But it's one thing to sign for seven figures, another to go deep in an exhibition at home and yet another entirely to back up the hype in pro ball. Having turned 17 in December 2017, Robinson was an untested player when he headed into his first Spring Training this time last year. It didn't help that he suffered a shoulder injury that kept him from showing what he was capable of immediately, but the plan was always for the outfielder to open the season in extended spring camp anyway. There was a plan beyond that as well; the D-backs had been open with Robinson about their intention to send him to the Dominican Summer League for his first taste of the Minors. That's a typical route for a player signed internationally, though it's a path usually intended for Spanish-speaking players who can ease into the rigors of the profession in a land that speaks their language (and for many is also home already).
That didn't keep Robinson from displaying his tools on the backfields in extended. With his size, he was physically imposing in comparison to his fellow teenagers. His power, run, arm and glove all showed above-average potential, making it clear to the D-backs that they couldn't send him away. Not to the Dominican Republic anyway. The organization was going to keep Robinson in the Grand Canyon State in the Arizona League, perhaps one year ahead of schedule.
"I got a phone call from [assistant director of pro scouting Josh Barfield]," Robinson said, "and I just remember that same week, we were supposed to get our flight information to go to the DR and mine never came through. One of my teammates, his flight information came through, so I was wondering what was going on. That's when I got the call. I think I was a little excited, but I think a couple of my teammates and my girlfriend were even more excited.
"I think the biggest thing to help me in staying stateside was not thinking I was staying stateside. To be honest, the first meeting I had with the guys, they told me where I expected to be at the end of the year, and I stuck with that. I didn't put my expectations any higher. Am I wrong for doing that? I'm not sure. But I kind of stuck with the fact that I was going to be in the DR for my first year. I played with no intentions of trying to question or negotiate with that decision that was made. That helped me to not think about anything when I was playing."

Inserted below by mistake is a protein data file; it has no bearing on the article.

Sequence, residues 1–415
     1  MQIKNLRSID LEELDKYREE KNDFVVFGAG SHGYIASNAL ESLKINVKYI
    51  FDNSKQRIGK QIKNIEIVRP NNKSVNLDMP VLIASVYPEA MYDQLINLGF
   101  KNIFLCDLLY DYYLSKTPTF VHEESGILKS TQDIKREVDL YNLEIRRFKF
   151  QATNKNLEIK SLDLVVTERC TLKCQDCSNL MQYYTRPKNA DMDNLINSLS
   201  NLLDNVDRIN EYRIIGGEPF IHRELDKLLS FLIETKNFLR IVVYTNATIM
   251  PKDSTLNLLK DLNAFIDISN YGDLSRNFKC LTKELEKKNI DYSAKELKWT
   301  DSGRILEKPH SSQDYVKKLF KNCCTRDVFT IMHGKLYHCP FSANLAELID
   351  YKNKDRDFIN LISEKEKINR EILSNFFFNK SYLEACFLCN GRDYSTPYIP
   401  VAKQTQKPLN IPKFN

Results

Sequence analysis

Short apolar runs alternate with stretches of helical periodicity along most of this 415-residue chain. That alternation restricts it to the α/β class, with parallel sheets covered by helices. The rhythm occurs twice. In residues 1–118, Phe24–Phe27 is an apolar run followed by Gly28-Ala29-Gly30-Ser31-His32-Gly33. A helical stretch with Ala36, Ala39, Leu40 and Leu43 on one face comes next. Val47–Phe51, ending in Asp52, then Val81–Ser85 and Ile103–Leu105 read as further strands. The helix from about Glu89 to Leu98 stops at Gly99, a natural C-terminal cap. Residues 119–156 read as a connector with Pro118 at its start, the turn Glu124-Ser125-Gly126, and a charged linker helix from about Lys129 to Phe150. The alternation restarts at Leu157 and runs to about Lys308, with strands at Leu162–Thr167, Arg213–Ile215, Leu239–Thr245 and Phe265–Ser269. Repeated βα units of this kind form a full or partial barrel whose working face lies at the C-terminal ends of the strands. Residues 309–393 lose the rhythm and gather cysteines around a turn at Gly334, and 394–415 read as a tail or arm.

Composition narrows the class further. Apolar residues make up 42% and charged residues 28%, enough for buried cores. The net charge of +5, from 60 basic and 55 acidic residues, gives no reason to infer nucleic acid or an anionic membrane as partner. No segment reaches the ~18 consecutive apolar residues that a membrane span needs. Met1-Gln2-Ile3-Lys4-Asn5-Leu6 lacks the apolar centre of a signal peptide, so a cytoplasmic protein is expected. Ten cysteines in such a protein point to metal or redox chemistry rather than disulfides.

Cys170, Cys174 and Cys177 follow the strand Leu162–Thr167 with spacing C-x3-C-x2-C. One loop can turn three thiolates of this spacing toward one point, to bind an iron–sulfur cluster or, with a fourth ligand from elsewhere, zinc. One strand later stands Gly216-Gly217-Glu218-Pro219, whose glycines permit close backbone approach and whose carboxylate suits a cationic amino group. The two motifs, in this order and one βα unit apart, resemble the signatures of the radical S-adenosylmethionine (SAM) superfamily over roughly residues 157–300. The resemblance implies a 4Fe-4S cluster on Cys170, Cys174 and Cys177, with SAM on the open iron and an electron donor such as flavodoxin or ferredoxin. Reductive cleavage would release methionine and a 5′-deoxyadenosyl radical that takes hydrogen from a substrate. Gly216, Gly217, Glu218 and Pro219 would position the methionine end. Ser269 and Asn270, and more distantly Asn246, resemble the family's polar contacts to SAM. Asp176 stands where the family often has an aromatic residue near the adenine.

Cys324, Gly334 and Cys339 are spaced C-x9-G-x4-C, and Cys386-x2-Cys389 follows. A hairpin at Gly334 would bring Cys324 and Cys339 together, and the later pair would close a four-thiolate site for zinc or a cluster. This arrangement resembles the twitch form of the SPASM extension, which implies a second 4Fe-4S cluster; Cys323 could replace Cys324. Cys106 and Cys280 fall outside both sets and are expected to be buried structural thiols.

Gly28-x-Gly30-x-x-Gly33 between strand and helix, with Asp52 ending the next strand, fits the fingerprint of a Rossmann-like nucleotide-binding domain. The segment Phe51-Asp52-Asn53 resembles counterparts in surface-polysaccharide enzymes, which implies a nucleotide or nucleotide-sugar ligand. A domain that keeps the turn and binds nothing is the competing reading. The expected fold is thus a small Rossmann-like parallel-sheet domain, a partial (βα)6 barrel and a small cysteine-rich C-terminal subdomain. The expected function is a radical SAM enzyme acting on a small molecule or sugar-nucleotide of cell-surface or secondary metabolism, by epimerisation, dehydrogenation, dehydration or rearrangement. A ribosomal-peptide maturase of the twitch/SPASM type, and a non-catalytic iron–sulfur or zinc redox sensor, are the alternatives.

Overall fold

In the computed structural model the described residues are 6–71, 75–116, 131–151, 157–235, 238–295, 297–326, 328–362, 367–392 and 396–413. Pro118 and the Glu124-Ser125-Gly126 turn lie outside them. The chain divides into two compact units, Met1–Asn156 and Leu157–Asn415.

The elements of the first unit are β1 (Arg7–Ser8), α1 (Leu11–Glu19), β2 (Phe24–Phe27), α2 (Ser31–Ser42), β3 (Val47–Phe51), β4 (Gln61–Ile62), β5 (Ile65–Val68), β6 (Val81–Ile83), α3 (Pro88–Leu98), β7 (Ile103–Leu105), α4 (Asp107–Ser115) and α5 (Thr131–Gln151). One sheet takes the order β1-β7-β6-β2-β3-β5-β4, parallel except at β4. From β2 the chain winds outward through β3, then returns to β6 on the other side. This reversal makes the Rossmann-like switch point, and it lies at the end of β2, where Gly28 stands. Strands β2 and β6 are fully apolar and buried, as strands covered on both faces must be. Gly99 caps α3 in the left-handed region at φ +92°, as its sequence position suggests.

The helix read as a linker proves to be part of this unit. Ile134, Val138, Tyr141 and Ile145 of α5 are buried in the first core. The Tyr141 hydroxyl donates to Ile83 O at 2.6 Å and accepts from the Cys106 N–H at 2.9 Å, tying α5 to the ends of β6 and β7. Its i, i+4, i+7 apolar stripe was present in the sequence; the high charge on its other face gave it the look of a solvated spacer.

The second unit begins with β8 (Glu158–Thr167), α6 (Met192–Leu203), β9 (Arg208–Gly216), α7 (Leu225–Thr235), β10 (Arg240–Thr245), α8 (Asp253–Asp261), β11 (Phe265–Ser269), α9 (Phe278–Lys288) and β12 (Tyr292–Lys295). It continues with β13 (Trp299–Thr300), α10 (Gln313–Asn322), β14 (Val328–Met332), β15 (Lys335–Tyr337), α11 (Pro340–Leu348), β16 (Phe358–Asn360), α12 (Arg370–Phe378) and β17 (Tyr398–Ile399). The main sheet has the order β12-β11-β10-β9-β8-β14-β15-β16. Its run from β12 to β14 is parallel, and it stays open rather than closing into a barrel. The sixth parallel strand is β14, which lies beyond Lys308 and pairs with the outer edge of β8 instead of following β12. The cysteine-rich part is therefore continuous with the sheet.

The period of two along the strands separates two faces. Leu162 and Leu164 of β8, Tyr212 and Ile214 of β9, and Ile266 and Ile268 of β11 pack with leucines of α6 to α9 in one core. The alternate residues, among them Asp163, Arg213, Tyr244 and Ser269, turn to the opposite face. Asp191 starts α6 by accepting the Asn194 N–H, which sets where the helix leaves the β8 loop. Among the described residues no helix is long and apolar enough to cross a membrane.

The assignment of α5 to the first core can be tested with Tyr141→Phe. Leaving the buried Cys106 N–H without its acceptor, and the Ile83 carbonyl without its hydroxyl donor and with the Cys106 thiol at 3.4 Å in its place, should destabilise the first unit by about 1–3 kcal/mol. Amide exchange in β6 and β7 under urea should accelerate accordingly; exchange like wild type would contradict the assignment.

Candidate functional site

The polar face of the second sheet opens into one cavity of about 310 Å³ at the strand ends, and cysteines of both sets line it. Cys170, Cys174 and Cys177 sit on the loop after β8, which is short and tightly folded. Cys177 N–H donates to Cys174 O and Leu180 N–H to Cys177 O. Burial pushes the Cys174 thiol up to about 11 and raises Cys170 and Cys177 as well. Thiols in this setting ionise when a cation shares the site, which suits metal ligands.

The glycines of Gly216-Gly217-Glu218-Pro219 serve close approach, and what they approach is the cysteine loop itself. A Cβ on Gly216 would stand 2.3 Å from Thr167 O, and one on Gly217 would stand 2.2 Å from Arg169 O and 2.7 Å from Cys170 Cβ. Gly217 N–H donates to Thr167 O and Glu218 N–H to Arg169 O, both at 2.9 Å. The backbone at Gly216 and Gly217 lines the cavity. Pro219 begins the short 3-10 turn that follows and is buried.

When the Rookie ball season started, it didn't take long for Robinson to show he belonged in the Arizona League D-backs lineup. Batting third and starting in center field, he singled in the first official at-bat and stole his first base shortly after. He finished 3-for-5 with two runs scored and an RBI in a 7-0 rout against a Cubs affiliate.
"I remember thinking that day, 'These guys are no different than what I've been facing [in extended],'" Robinson said. "That just kind of set the mood."
He went on to hit .272/.341/.414 with four homers and seven stolen bases over 40 games on the complex circuit. His .754 OPS ranked third among the 17 AZL players to receive at least 100 plate appearances at age 17 or younger. (Aside: Knowles was one spot ahead of him, at .765.)
While his skills helped Robinson feel at ease in Arizona, he also benefited from some knowledge of the culture that many international prospects don't have right away. For one, he knew the language. Secondly, he'd already grown comfortable with the United States before signing with the D-backs. The only thing he needed to focus on was his production on the diamond.